The importance of physical training became obvious as the element members exercised almost every day during the operation. Previous research has found that physical fitness can actually increase military stress (Taylor et al. 2008). The need for fitness training onboard seemed to be two-fold; on the one hand, being fit was required for the sometimes physically tough tasks assigned; and on the other hand, daily fitness training could be seen as part of a coping strategy to handle feelings of gloominess and being frustrated. As early as 1966, Lazarus (1966) described stress as the connection between a person and an environment, and the need for coping. Lazarus and Folkman (1984) presented two ways of coping. As early as 1969, the Kübler-Ross model was developed to describe a five-stage model of coping (Kübler-Ross 1969). Some 30 years later, 400 ways of coping were presented (Skinner et al. 2003).
In addition to fitness training, there are other ways of trying to be mindful onboard during long-term duty. The US Army (Hindu Human Rights, 2013; NBC News 2008; Veterans Families United 2017) and the Defence Institute of Psychology and Allied Sciences (DIPAS) in India practice yoga (DRDO, 2019). Since 2014, mental training has been part of basic military training in the Swedish Armed Forces, aiming to reduce stress and help recruits during demanding tasks or examinations (Swedish Armed Forces 2017). However, this does not continue throughout education within the Swedish Armed Forces. Nevertheless, the Swedish Naval Base offers yoga for employees on a voluntary basis.
There are several reports on lessons learned after completion of deployment. The final report from Operation Atalanta (ME03) stated that there were shortcomings concerning both material and training (Åkesson and Källström 2013; Sandberg 2014; SWECON 2013) but the emotional effects or how to handle the shortcomings were not mentioned. This has not been evaluated or reported to our knowledge. During pre-deployment training, the lack of routines and checklists became evident and had to be created, with the consequence that the training before the operation started was not effective. The shortage of mutual exercises, including solving tasks such as boarding and approaches, between the boarding element and the vessel in between operations were clearly noticed. Due to equipment problems and long delivery times, both training and exercises were carried out without the right equipment onboard, which led to several limitations (SWECON 2013).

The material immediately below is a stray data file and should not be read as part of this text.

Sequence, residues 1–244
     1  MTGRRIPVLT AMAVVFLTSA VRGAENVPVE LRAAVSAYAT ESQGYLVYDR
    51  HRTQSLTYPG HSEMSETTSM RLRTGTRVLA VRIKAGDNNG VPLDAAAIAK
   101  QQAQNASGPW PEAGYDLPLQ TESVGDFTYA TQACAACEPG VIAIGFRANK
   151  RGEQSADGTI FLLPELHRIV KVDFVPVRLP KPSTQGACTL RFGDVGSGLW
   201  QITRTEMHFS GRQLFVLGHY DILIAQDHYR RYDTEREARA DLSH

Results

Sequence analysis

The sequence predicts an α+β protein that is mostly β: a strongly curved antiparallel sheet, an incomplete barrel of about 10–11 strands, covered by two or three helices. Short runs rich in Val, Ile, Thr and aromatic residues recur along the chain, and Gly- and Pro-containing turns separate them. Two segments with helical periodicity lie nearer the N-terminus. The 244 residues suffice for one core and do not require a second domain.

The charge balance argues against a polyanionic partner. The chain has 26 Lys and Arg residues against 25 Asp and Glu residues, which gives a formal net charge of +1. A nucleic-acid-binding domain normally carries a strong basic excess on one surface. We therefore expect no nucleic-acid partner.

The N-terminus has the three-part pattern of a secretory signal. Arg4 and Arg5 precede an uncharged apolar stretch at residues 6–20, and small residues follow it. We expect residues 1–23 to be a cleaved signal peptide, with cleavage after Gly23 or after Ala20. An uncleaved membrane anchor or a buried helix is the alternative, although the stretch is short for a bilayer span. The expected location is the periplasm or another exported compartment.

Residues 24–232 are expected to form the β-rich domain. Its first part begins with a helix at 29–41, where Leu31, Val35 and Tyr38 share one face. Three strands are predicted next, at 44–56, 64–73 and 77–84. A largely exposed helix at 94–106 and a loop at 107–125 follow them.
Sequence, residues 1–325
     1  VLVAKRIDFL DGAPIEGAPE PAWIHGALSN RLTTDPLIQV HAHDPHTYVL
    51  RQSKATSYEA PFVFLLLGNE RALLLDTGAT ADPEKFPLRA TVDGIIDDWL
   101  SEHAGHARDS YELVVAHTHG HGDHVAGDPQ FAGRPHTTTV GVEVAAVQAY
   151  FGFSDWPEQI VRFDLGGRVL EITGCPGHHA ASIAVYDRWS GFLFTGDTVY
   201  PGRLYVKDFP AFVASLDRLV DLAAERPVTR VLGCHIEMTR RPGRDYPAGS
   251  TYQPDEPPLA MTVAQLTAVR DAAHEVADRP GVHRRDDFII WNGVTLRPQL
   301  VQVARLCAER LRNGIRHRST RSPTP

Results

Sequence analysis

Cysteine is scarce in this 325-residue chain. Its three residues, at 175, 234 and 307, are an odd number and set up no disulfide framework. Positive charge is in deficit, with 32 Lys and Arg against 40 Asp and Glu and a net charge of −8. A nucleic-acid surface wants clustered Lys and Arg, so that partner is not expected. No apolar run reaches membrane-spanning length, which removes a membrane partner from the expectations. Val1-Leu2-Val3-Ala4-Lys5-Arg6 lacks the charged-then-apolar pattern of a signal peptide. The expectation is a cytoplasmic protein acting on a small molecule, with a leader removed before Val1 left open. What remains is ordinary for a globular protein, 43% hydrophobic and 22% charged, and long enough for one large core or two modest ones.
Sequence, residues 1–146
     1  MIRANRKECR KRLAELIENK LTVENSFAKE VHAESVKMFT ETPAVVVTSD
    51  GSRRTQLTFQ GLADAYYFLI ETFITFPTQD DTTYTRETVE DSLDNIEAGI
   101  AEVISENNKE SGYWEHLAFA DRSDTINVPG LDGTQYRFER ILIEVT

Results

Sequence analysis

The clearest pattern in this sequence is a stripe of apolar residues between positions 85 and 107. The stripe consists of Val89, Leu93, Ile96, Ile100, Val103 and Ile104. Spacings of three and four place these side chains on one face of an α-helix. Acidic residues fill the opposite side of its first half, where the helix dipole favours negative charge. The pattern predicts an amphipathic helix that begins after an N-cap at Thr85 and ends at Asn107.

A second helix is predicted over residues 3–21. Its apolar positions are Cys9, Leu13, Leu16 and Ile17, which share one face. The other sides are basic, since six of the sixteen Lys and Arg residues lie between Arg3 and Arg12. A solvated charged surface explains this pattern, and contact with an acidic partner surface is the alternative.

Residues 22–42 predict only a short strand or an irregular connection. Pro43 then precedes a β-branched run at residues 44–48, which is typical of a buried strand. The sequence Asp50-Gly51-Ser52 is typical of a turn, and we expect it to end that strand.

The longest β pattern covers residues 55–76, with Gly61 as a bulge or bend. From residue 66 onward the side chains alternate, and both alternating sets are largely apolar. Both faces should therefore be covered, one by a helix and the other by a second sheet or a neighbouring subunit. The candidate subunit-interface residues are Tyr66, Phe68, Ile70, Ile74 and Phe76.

As expressed by the respondents, there are challenges, both physical and psychological, when material is not working or is missing. There is nothing in the final report from Operation Atalanta about the ability to adapt to the situation (Åkesson & Källström 2013; Sandberg 2014; SWECON 2013). As the respondents pointed out, they had to adapt to these circumstances because they could not do anything about it. From their point of view, they really tried to do their best to maintain operational ability and demands. The respondents reflected over the lack of a mutual effort within the ship to adjust to the situations that arose. Again, it appears that the lack of the ship behaving as a whole became clear for the element members. They believed that their immediate chief presented problems to the commander onboard but the respondents perceived that he was not heard.